Visual Arts

Exhibition goes clubbing

The call of Paul Revere announces the public exhibition of a collection of distinguished artwork that, until now, has been known to only a few in Kentucky.

The British Are Coming! Discover the New English Art Club opens Sunday at The Art Museum at the University of Kentucky.

The exhibition features an astounding number of works by contemporary members of the New English Art Club, works that had been in the hands of many private collectors, all in Kentucky.

"Working with a private collector is like seeing hidden treasures," said Stephanie Pevec, the guest curator for the show.

The contemporary work of the New English Art Club might not be widely known, many people will recognize the prestige of its founders. The club was formed in England in 1885 by a group of artists that included John Singer Sargent. The artists had all studied in Paris and were influenced by the French impressionists. They decided to create a show to rival that of the more traditional Royal Academy of Arts.

Even as the Royal Academy began to stray from its roots, delving into abstraction, members of the New English Art Club persevered in their tradition of "figurative work."

"They believe drawing is the foundation of art," Pevec said of the artists.

The skill that comes from serious drawing study is clear in all of the works, some of which are extremely realistic, while others show their impressionistic roots. There are portraits, landscapes and cityscapes, all of the utmost quality. Materials include oil paints, watercolors, pastel and acrylics.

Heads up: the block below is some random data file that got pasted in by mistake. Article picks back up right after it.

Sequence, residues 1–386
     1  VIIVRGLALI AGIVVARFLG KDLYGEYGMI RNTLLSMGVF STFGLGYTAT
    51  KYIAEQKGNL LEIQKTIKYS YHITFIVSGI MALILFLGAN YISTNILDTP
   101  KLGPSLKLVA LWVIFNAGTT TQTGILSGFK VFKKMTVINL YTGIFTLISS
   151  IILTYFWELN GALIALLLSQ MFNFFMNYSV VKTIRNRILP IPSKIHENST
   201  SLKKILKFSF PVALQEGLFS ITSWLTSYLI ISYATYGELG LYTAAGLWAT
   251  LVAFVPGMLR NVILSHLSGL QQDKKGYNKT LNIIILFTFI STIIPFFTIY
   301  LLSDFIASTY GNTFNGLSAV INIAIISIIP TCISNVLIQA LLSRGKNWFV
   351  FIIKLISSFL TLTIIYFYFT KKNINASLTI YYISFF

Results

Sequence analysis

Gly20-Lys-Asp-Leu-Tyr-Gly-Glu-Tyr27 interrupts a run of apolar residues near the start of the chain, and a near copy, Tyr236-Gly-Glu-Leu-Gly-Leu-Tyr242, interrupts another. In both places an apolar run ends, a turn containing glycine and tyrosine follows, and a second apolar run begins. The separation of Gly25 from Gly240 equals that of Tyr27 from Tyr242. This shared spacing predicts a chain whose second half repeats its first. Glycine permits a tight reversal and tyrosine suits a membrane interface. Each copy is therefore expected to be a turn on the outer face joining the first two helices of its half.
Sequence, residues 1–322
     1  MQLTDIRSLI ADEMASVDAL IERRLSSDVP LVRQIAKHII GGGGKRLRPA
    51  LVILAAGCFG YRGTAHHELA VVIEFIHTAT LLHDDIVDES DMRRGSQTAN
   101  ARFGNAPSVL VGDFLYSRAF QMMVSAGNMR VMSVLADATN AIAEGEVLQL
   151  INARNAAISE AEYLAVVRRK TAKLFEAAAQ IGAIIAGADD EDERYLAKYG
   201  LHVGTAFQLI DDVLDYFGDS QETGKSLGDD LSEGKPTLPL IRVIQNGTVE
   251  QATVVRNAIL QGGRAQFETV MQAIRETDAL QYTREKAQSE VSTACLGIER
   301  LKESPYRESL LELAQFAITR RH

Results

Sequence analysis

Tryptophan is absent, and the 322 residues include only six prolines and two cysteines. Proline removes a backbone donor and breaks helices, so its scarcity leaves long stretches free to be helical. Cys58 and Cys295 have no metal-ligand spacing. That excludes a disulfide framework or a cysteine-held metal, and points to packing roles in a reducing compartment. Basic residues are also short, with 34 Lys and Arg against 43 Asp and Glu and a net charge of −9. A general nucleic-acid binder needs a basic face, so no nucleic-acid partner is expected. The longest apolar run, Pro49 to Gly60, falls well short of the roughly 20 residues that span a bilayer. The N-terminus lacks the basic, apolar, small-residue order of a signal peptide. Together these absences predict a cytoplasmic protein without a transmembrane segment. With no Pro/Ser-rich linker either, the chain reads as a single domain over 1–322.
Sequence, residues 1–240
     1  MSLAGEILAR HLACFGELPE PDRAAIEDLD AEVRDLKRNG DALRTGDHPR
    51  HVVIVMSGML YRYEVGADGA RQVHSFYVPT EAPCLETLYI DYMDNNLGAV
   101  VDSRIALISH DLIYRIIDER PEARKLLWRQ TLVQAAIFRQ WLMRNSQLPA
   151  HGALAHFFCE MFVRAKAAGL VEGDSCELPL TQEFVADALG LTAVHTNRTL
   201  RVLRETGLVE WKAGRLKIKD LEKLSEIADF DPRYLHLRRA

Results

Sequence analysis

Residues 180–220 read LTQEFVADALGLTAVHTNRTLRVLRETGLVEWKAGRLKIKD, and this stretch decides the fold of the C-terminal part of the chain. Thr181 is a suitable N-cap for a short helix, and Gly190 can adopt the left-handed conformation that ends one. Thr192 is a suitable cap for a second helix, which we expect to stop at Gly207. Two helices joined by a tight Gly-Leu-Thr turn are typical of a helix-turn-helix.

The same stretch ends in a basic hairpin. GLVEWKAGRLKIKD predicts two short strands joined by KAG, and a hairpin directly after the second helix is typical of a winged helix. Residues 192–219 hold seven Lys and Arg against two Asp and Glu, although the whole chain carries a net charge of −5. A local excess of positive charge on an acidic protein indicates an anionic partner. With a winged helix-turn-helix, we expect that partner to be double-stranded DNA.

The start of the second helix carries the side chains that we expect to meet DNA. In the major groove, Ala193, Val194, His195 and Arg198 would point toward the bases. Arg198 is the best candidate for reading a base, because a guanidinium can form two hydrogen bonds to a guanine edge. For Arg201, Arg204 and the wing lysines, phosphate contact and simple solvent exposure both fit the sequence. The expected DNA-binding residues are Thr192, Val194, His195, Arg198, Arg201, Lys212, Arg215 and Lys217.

The exhibition represents 30 years of collecting, and often the art purchases have generated long- standing friendships between the artists and the collectors. The collectors were the ones who contacted UK about the possibility of an exhibition.

The show took two years to assemble, and it gave Pevec the chance to travel to London and meet many of the artists and visit their homes and studios.

Pevec reflected on the various visits, from the country cottage of the recently deceased John Ward to the small row house of Benjamin Sullivan.

"It gave me a strong understanding of this group and an intimate knowledge of some of the artists in it," she said. She noted how the artists work together as peers and are celebrated as a whole, in contrast to American artists who are often more independent.

"This is really the opening preview of a show that could travel," said Pevec, adding that the show would require some adaptation for other locations but would be ideal to tour university museums.

"For students to come and look at this work," she said, "it's an example of what they can aspire to."